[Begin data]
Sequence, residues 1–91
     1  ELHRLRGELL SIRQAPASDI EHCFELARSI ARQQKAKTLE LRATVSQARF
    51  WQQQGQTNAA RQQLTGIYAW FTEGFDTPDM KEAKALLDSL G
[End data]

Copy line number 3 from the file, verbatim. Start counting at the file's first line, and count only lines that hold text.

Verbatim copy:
    51  WQQQGQTNAA RQQLTGIYAW FTEGFDTPDM KEAKALLDSL G